Victoria’s Five Star Cleaning Ltd. v. M.N.R. (April 3, 2019 – 2019 TCC 73, Lafleur J.).
Précis: The appellant provided workers (the Workers) for janitorial services in commercial and residential premises. The sole question before the Tax Court was whether the Workers were independent contractors. The Tax Court held that they were independent contractors, not engaged in insurable or pensionable employment, and allowed the taxpayer’s appeal. There was no order as to costs.
Decision: The Court accepted the evidence of the taxpayer’s sole shareholder and director, Mr. Ademi, that the intention was to enter into contracts for services and that the Workers would be independent contractors:
 It is clear from the reading of the Subcontractor Service Agreement that the Appellant intended to hire workers under a contract for services and that the Workers would be independent contractors. Mr. Ademi’s testimony was clear in that his intent was that the Workers would be independent contractors and not employees of the Appellant. Throughout the Subcontractor Service Agreement, the term “subcontractor” was used to refer to the Workers. The agreement provided specifically that no withholding was to be made by the Appellant on payments to the Workers. Further, the evidence showed that T4A slips were issued by the Appellant to the Workers. The agreement also provided that monthly invoices needed to be issued by the Workers; however, the evidence showed that the Workers did not comply with this term. Some paragraphs in the agreement referred to the Workers as employees, but overall, I find that the intent to be inferred from the agreement is consistent with the creation of an independent contractor relationship between the Appellant and the Workers. On the basis of the evidence, I find that any reference to employment in the agreement is simply reflective of Mr. Ademi’s misunderstanding of the specific legal implications of the term. I find Mr. Ademi’s testimony to be credible and reliable in that respect.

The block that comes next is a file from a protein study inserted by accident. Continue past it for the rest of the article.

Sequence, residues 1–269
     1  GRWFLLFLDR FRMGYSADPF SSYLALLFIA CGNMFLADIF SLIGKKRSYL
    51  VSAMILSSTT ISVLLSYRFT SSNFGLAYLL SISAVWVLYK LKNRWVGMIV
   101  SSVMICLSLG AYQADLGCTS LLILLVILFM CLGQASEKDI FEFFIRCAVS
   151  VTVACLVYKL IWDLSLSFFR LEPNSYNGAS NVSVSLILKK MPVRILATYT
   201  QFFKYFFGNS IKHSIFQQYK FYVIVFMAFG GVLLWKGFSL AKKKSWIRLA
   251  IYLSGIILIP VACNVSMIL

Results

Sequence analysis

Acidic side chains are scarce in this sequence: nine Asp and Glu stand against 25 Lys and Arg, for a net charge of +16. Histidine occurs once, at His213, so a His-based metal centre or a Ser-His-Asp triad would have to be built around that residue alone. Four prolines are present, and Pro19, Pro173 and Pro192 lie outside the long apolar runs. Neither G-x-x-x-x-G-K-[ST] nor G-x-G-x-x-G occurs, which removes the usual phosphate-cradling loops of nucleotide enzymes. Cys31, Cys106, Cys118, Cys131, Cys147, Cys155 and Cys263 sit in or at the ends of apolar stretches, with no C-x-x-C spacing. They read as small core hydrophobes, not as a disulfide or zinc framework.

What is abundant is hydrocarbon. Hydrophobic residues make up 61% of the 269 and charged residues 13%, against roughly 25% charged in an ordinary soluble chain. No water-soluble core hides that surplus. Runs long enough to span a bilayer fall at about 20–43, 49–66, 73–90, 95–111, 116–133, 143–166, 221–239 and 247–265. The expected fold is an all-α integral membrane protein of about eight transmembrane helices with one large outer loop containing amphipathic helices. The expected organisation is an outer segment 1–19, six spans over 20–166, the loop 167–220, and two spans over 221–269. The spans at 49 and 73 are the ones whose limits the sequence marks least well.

The Court reviewed the other traditional factors applicable in EI/CPP cases and concluded that they did not tip the balance in the direction of insurable or pensionable employment. Accordingly the taxpayer’s appeal was allowed, but without costs.